When you’re buying or shopping around for a car, you’ll likely come across references to MPG. But what is MPG? And how much should you base your car buying decision on it?
MPG stands for miles per gallon and is used to show how far your car can travel for every gallon (or 4.55 litres) of fuel it uses. For example, if you own a car that returns 50mpg and its fuel tank only has one gallon of petrol or diesel in it, you’ll drive 50 miles before the car runs out of fuel.
How to work out MPG
Official fuel economy figures are calculated based on WLTP testing (which stands for Worldwide Harmonised Light Vehicle Test Procedure).
This is conducted in a lab to simulate real-world driving scenarios, with on-road testing also a component for emission assessment.
If you’re interested in finding out the exact MPG your current car is achieving, the vast majority of new cars will give you a readout of its current MPG on the driver’s display or central infotainment system.
You can also reset your car’s trip computer when you fill up with petrol or diesel, then when you next fill up make a note of how many litres fit in the tank, convert this into gallons (1 litre is 0.22 gallons), and find out how many miles your car has travelled on that fuel.
Why does every car have multiple MPG figures?
WLTP tests are conducted in different ‘phases’ to simulate specific types of driving. Each phase gets its own stated figure, with a final ‘combined’ figure providing an average across all scenarios. This is the figure you’ll most likely see advertised.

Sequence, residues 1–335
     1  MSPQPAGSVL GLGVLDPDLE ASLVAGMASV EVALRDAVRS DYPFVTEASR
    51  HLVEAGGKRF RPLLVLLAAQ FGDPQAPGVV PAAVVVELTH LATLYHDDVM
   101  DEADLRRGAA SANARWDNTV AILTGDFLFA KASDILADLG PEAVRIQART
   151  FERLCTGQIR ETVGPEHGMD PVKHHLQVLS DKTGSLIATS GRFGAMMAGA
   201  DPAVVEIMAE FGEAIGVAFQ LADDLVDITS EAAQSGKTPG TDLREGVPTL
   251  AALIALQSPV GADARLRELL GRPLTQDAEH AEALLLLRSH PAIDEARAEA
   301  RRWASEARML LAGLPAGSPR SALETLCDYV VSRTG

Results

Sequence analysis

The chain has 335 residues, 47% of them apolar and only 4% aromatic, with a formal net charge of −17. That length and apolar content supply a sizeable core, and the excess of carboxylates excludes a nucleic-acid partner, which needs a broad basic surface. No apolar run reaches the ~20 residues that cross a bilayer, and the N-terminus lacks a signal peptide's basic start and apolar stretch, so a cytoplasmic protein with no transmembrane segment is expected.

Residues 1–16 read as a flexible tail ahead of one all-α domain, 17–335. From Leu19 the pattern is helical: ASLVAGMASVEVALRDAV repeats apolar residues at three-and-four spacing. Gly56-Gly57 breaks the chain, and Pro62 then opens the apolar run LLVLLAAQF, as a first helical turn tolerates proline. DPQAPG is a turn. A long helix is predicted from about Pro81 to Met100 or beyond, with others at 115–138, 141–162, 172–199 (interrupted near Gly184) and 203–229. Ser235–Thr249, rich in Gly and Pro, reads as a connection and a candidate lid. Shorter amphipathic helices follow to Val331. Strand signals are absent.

- Low – simulates driving in urban areas at speeds up to 56.5km/h (about 35mph)
- Medium – simulates driving in suburban areas at speeds up to 76.6km/h (about 48mph)
- High speed – simulates driving in rural areas at speeds up to 97.4km/h (about 61mph)
- Extra high – simulates driving on motorways at speeds up to 131.3km/h (about 82mph)
- Combined – a mixture of the above. This is the figure usually most prominent in advertising.
Sounds simple enough, right? Well, there’s more. You might see a range of ‘combined’ WLTP figures provided for each car – even those that only come with one choice of engine. This is because fuel economy (and the WLTP test results) can be affected by specific extras fitted to some cars.
For instance, fuel economy often gets worse if you fit your car with larger optional wheels, as they tend to be heavier, generate more aerodynamic drag and have more rolling resistance (the friction generated as the tyre rolls on the road) than the wheels that came as standard.
Are MPG figures realistic?
WLTP tests are more reflective of the real world than the old NEDC regime they replaced, but they’re still predominantly laboratory based, so the MPG figure you get may not match what the car is technically capable of. Driving styles, traffic, hills and other factors all affect a car’s economy, therefore, it’s best to use the MPG figures for comparison between cars rather than a surefire guarantee of the fuel economy your car will be capable of in day-to-day driving.
This can especially be the case if you drive a plug-in hybrid (PHEV) car. During their WLTP assessments PHEVs tend to be driven in electric mode a fair amount, which can result in 200mpg+ official figures. To get close to this in the real world you will need to plug in and recharge a PHEv’s batteries on a regular basis, and drive around mainly in electric mode.
Why is a car’s MPG important?